# Physics 434, 2012: Lecture 20

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This is our short introduction to dynamical systems, as used in the analysis of biological circuits.

## Warmup question

In the previous lectures we discussed transduction of information through biochemical pathways. However, information should not only be transduced, but also computed on, and relevant bits need to be extracted. A common situation when a binary choice needs to be made: should a cell differentiate, or not, for example? Another example of relevance to our university is the lambda-phage infection of E. coli cell, which results in lysis or lysogeny randomly, to the first approximation. Can we think of a way how a cell is able to make a binary choice, that is, to threshold its input?

## Main lecture

1. We can think of high Hill coefficient curves ${\displaystyle {\frac {d[P]}{dt}}={\frac {V[S]^{n}}{1+(S/K_{M})^{n}}}}$ for thresholding. But even for high ${\displaystyle n}$ there would still be a situation when a cell is uncommitted (around the inflection point). In addition, a cell would easily switch back and forth between on and off states when the signal fluctuates.
2. We can consider a deterministic dynamics (replacing ${\displaystyle [P]}$ with X) ${\displaystyle {\frac {dX}{dt}}=C+{\frac {VX^{2}}{1+(X/K_{M})^{2}}}-rX=\Gamma _{\rm {activation}}(X)-\Gamma _{\rm {deactivation}}(X)=F(X)}$.
• Plotting ${\displaystyle \Gamma _{a}(X)}$ vs ${\displaystyle X}$ and ${\displaystyle \Gamma _{d}(X)}$ vs ${\displaystyle X}$, we see that these curves cross in either one or three points depending on the parameters.
• In these crossing points, the production and the degradation of the molecule are the same, so these are steady states.
• If they cross in one point, the point is stable, in that any deviation of X from this point ${\displaystyle X\to X+\delta X}$ will lead the system back to the same point.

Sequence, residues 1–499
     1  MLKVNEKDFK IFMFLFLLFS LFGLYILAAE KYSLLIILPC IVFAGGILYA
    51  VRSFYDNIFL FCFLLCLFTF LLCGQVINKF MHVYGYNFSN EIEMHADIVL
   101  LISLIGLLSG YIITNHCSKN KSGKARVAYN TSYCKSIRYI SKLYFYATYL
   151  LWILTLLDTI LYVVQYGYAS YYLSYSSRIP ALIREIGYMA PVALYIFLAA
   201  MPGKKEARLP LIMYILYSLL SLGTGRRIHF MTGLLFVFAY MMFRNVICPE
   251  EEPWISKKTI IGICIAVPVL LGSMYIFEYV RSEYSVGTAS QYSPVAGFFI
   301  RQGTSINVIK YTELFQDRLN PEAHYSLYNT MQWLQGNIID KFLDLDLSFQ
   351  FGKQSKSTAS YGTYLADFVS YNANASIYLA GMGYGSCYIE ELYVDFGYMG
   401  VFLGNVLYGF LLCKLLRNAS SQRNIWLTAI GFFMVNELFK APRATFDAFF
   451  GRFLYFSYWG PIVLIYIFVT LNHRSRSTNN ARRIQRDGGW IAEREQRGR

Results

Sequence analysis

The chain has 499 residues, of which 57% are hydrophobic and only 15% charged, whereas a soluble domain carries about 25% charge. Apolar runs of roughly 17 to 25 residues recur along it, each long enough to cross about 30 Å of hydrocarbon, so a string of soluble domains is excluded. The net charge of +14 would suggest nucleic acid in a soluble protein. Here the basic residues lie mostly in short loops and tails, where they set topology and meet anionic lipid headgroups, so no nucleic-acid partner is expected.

• If there are three crossing points, the low and the high ones are stable, and the mid point is unstable -- any deviation will lead away from it to the stable points. This is called bistability (more generally, multistability).
3. We can illustrate the dynamics quantitatively in the phase space portrait, or phase portrait, of this system. To construct the phase portrait, we notice that the state of the system is determined by 1d variable ${\displaystyle X}$ only. So for every point in this state space (the phase space), we plot a vector that is given by the ${\displaystyle F(X)}$. The arrow will be pointing towards the stable steady states and away from the unstable ones.
4. By changing parameters of the system, for example ${\displaystyle r}$ we can go from the system having one, then three, then back one steady states. This allows us to draw the phase diagram of the system, where the axes of the plot represent the parameters we care about, and we draw boundaries between different phases of the system, such as having one low steady state, one high steady state, or three states. We have plotted various such phase diagrams in class
• Phase diagram for changing C at fixed V and large r.
• Phase diagram for changing C and r at other parameters fixed.
5. We can, therefore, design a system that will threshold a signal, if, for example we use signal as a constituitive expression rate of ${\displaystyle X}$, that is ${\displaystyle {\frac {dX}{dt}}=[S]+{\frac {VX^{2}}{1+(X/K_{M})^{2}}}-rX}$.
• For appropriate ${\displaystyle V,r,K_{M}}$, small [S] will result in small activation of X, and large [S] will result in large [X], but the transition will be essentially digital.